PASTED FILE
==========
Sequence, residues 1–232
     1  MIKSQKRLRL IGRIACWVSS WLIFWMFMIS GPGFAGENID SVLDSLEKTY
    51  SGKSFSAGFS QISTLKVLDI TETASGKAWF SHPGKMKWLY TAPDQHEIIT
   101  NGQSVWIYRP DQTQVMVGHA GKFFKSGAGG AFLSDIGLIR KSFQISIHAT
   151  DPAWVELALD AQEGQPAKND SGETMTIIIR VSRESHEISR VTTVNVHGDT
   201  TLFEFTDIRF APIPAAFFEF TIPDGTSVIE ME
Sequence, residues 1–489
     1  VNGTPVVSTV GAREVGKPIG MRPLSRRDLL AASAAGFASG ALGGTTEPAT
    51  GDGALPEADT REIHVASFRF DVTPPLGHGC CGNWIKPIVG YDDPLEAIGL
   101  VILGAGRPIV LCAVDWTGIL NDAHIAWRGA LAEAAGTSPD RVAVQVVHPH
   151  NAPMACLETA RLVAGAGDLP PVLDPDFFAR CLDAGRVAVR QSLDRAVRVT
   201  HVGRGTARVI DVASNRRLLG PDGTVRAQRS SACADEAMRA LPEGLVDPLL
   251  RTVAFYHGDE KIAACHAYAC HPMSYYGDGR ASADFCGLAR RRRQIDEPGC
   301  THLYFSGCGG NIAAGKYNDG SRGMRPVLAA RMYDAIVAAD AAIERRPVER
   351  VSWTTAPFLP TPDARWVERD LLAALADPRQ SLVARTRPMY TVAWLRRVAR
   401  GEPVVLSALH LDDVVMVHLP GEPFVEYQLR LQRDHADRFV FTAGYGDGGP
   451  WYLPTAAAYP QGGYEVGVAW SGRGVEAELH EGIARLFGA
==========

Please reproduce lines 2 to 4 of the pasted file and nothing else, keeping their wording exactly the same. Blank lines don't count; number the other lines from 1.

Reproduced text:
     1  MIKSQKRLRL IGRIACWVSS WLIFWMFMIS GPGFAGENID SVLDSLEKTY
    51  SGKSFSAGFS QISTLKVLDI TETASGKAWF SHPGKMKWLY TAPDQHEIIT
   101  NGQSVWIYRP DQTQVMVGHA GKFFKSGAGG AFLSDIGLIR KSFQISIHAT